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Wembley – first impressions

Our Dosa brunch was my first foray into Wembley proper.

What can I say about first impressions? Well, for starters, it was a greyer version of ‘back-home’. The streets were dirty – plastic bags abandoned on pavements, people spitting and litter being chucked gaily. There was the general cacophony of a predominantly Asian neighbourhood. It felt like a mela. Perhaps the atmosphere was charged because it was NY’s day, but I suspect it is like this all the time.

On our way to the restaurant, our car was tailed (and I mean that literally – any closer and the two vehicles would have to be surgically separated) by a battered car (looking at the way they drove, it was no surprise) filled with 3 youngish looking men and one old man. It was scary (for us) and an obvious source of amusement to them. Mr.R and I live in an town that has a significant Asian population (more Pakistani than Indian), but we have never experienced something like this in the 3 years that we’ve lived here.

Strike one against Wembley.

The general decay and squalor of the place made me want to shudder. If I wanted to be in a place like this, I’d go back home. A quick chakkar around any local railway station in Mumbai – you wouldn’t be able to tell the difference. For me, the charm of England is in its sense of pride and place. And there was no pride of place here.

I left with another, more important feeling – I wouldn’t want to walk alone on those streets after dark. It’s not an unreasonable feeling and I’m not going to be apologetic about it. My instincts about street safety have always served me well. I’ve never felt insecure walking in a street full of Pakistani boys – they may look, but they don’t say or do anything to make me uncomfortable. I cannot say the same about the Indian men. May God prove me wrong.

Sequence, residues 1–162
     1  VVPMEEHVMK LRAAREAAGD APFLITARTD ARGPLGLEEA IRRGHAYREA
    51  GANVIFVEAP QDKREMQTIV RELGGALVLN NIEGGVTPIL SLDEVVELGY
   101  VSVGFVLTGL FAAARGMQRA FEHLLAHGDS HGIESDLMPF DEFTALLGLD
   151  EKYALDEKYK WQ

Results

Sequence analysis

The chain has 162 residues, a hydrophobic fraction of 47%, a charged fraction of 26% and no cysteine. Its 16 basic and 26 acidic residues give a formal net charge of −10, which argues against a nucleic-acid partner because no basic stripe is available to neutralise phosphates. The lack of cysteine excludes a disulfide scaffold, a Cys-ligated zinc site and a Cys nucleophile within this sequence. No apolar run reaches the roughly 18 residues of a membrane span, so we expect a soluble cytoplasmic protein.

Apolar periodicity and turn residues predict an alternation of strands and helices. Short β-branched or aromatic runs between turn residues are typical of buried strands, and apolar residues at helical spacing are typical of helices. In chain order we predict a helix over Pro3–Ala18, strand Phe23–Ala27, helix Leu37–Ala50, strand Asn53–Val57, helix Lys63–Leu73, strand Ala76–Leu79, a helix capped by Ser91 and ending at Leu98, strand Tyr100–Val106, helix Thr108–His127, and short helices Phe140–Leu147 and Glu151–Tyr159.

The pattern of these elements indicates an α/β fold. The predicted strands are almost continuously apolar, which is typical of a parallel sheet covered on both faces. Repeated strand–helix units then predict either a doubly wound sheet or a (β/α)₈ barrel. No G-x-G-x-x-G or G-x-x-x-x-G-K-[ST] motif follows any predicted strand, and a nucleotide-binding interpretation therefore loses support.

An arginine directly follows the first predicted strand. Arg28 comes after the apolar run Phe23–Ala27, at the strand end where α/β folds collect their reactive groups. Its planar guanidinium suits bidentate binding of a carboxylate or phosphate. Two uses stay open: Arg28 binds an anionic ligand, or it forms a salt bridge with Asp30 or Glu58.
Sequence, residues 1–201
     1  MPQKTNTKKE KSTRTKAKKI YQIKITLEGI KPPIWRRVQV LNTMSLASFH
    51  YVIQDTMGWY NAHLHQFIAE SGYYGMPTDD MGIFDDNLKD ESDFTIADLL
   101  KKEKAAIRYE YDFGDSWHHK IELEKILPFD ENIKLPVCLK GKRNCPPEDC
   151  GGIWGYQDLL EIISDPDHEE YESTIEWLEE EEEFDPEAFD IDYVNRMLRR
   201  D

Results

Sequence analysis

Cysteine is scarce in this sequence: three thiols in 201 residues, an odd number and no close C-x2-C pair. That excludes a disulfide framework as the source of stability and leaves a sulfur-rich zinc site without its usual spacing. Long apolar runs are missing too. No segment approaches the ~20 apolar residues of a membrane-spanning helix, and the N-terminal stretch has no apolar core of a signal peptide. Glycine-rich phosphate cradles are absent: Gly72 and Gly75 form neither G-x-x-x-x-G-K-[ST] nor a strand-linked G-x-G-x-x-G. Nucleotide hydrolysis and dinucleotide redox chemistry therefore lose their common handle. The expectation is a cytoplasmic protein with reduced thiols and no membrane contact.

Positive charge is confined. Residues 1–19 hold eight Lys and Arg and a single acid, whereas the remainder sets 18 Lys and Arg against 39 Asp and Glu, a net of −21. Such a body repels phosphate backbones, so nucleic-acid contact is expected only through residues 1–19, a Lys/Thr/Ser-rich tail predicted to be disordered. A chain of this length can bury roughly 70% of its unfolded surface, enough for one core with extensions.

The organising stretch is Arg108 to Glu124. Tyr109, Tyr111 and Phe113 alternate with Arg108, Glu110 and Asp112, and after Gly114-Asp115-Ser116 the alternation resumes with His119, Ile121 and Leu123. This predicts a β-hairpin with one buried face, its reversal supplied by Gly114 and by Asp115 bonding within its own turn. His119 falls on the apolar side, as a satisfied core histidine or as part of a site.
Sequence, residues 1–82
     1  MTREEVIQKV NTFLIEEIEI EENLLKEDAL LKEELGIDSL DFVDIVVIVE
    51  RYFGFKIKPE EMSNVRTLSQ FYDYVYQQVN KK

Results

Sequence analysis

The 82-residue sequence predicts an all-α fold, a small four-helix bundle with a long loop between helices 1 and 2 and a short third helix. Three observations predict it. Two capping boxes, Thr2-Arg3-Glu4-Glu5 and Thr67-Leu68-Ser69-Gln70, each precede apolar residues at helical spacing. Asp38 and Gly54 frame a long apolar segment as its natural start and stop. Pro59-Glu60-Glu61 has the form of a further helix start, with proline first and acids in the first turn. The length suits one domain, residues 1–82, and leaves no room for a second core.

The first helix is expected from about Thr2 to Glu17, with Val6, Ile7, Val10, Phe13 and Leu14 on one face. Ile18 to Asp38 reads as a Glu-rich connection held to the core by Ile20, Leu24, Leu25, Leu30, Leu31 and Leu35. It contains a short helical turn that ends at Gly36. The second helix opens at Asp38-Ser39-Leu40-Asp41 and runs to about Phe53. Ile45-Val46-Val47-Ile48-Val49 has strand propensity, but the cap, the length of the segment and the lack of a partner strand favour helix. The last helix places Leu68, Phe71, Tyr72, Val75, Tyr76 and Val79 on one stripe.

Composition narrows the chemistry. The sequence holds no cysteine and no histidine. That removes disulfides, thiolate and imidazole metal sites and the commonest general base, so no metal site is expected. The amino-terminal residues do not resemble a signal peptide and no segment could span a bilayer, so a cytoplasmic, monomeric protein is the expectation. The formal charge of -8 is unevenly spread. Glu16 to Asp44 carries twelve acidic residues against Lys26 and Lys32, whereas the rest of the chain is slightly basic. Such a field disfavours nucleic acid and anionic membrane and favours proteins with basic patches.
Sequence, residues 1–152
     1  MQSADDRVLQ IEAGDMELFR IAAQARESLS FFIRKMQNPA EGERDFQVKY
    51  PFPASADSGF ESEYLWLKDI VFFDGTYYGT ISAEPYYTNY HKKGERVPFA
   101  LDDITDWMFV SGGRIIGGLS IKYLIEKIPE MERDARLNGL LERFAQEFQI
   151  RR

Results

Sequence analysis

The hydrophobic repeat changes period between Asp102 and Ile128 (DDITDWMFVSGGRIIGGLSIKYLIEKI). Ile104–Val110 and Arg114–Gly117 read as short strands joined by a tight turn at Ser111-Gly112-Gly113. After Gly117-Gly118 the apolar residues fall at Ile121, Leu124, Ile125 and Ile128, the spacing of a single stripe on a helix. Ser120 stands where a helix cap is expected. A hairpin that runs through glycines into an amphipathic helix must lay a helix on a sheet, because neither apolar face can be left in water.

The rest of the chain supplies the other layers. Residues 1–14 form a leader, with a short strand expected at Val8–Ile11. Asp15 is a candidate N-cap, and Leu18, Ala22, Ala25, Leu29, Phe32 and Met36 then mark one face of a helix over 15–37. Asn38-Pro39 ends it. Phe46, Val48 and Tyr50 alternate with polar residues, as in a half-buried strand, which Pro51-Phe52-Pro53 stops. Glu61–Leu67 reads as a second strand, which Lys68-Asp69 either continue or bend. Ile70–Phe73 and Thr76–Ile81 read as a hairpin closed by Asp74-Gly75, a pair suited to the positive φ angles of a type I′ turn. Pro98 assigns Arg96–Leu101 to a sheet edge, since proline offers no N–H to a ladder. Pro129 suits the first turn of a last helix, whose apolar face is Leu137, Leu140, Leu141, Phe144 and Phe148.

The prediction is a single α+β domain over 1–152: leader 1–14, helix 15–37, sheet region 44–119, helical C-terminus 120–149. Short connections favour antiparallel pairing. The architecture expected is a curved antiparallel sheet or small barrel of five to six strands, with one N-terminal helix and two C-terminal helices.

I guess many immigrants to London feel more comfortable or secure in such neighbourhoods precisely because it reminds them at home. Here they can speak their own language, eat their own food, recreate a little of what they left behind. While every newcomer deserves to have a feeling of security and safety in a new country, surely there should come a point where you think that it’s time to do better?

Clean houses, clean pavements, pride in your surroundings. Is that too much to expect?


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